Robert Half International Earnings Call Nuggets: The Affordable Care Act and Demand Trends in Europe

Robert Half International Inc. (NYSE:RHI) recently reported its fourth quarter earnings and discussed the following topics in its earnings conference call.

The Affordable Care Act

Mark Marcon – Robert. W. Baird: One question and one follow-up. The first question has to do with the U.S. Specifically, there has been an increasing level of investor dialog regarding the potential ramifications of the Affordable Care Act and how it could potentially influence the penetration rate on a go-forward basis? Keith, I know you’ve done a lot of work on this. There’s obviously been a lot of dialog between the regulatory agencies regarding a look back period. Wondering if you can give us your latest sense for what the potential impact would be?

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M. Keith Waddell – Vice Chairman, President and CFO: Well, the potential impact of – I think you have to look at two sides of it; one is the potential revenue opportunity and the other is the potential internal cost. On the potential revenue opportunity, clearly firms that have 50 or fewer employees that do not presently offer coverage to their employees will be particularly interested in the Healthcare Act which requires those with over 50 to comply. We are already getting inquiries from our client base for companies in and around 50 asking us to help them understand this legislation and to inquire as to how we might be helpful. Our response is that we can legally help them remain under 50 since we are the employer of record for the temporaries we provide to them and that we have every intention of ourselves legally complying with the act on a go-forward basis. As you talked about as to the cost side of the equation for our temporary employees, there is a 12-month period after we first hire them where they essentially audition to be full-time followed by a 12-month period if one’s qualified, we have to pay or pay for coverage or pay a penalty. It’s our intention to offer coverage to those qualifying temporaries. We’ve done a fair amount of work as to what those costs might be. They require us to estimate the percentage that will qualify as full-time, the percentage that we’ll accept and decline coverage, what the cost of that coverage might be as well as the number of months during that second 12-month period where they would remain an employee. It’s our estimate at this early time that the increase to our costs would be a small single-digit percentage increase to the overall pay rates we provide. So, we believe based on what we know today and clearly it’s somewhat early and subject to those assumptions, we think that cost side will be manageable. Back to the revenue side, we certainly see it as an opportunity or in somewhat of an investigation stage by many of our clients we are getting enquiries. We do expect to add the demand. It’s very difficult to project what that added demand would be. It’s estimated that there are 130,000 firms with 50 or fewer employees that over half of them do not provide coverage to their employees. The good part of the new health care legislation would be those employees who have a new place to go called the state exchange to provide coverage for themselves, but again, long story short, an opportunity hard to quantify at this point, on the cost side, we believe it’s manageable based on our current estimates.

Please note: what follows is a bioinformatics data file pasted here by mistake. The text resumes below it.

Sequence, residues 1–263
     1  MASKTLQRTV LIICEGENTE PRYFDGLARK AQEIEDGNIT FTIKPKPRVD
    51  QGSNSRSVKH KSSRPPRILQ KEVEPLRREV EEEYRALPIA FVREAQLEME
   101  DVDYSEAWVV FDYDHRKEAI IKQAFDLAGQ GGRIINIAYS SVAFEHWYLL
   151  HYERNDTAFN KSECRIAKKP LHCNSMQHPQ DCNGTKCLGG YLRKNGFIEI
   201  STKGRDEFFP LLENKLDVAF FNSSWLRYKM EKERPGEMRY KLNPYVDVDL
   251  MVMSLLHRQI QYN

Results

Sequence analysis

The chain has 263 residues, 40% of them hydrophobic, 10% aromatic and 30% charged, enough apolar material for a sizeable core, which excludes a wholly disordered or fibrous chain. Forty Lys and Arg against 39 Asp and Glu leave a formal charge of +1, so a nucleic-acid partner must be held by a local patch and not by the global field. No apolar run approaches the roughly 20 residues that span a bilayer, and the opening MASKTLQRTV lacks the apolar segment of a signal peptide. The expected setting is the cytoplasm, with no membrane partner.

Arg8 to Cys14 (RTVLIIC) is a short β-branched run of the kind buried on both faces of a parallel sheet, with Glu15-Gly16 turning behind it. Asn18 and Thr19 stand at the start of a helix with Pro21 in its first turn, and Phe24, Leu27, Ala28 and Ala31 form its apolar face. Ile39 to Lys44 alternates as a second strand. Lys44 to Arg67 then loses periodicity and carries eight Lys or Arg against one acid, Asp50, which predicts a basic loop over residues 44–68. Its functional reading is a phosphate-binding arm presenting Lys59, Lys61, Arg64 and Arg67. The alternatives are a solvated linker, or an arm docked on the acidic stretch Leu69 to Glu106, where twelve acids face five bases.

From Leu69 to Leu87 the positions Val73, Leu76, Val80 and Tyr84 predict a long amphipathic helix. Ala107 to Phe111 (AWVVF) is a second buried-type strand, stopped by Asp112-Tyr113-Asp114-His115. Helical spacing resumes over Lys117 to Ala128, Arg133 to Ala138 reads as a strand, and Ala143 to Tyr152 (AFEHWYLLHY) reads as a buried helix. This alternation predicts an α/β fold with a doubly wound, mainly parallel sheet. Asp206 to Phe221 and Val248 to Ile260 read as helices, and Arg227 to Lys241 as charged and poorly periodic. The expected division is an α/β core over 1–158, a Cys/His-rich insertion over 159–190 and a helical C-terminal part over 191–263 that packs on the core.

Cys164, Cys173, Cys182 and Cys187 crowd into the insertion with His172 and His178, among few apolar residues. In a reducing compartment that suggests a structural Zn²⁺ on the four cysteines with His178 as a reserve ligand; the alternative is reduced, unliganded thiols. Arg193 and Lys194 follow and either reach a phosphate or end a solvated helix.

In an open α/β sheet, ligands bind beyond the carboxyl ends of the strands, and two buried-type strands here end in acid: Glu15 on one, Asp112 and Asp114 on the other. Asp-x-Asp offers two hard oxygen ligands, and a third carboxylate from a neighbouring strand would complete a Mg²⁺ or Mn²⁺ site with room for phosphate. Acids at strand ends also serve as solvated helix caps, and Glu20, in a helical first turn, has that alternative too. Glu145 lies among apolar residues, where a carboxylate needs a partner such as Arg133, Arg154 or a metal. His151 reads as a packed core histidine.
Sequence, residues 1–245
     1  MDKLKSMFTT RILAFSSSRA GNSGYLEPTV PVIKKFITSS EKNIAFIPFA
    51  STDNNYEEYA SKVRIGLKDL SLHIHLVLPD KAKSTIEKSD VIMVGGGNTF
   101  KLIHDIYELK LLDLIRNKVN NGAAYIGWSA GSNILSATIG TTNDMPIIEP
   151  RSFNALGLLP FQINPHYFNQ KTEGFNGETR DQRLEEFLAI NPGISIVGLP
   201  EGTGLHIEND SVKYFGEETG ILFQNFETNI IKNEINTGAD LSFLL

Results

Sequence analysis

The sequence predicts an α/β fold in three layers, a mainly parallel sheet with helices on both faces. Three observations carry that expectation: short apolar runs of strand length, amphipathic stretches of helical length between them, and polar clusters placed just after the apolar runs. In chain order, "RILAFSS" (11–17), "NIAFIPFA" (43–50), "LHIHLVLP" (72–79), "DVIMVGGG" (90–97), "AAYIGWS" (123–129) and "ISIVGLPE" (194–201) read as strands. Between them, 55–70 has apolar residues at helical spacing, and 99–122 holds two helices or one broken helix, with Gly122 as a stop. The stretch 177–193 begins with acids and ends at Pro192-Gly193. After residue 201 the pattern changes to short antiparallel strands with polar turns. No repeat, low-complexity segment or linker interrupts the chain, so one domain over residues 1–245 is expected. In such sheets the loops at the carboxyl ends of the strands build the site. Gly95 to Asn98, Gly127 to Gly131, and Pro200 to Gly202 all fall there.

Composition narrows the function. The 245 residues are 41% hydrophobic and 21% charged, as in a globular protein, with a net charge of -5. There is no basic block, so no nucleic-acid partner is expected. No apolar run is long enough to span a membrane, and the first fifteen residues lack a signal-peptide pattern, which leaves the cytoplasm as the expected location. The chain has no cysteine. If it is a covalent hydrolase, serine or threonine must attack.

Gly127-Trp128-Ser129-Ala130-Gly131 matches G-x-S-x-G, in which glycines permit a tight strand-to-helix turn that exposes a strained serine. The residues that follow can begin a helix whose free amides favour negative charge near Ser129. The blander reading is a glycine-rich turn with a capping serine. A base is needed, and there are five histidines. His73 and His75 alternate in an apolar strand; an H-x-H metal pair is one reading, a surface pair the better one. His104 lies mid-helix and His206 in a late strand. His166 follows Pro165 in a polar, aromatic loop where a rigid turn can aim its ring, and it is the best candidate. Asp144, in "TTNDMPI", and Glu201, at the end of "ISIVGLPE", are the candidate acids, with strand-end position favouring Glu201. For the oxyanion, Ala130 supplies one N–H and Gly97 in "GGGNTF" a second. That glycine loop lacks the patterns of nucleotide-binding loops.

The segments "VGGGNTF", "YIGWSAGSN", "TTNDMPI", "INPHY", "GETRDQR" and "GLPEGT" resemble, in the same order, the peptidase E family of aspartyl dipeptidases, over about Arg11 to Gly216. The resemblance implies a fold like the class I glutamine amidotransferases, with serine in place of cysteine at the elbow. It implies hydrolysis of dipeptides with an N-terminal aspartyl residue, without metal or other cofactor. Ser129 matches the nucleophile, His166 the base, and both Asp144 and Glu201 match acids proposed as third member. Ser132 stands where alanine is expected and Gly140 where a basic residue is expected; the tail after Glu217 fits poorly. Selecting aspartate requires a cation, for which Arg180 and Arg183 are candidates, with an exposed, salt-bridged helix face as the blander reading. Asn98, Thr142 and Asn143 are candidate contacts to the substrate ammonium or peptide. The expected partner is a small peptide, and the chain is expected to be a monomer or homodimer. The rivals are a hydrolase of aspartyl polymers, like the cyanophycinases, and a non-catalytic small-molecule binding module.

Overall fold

Mark Marcon – Robert. W. Baird: And you think the 12 month look back is solid?

M. Keith Waddell – Vice Chairman, President and CFO: The way the regs have currently been written is that we can rely on the regulations that include this 12 month period, and that any changes that might come out in further clarifications would be prospective only and would only apply after 2015 at the earliest. So, I don’t think there’s any question, at least 2000 through 2014. This measurement or look back period and 12 month stability period are solid.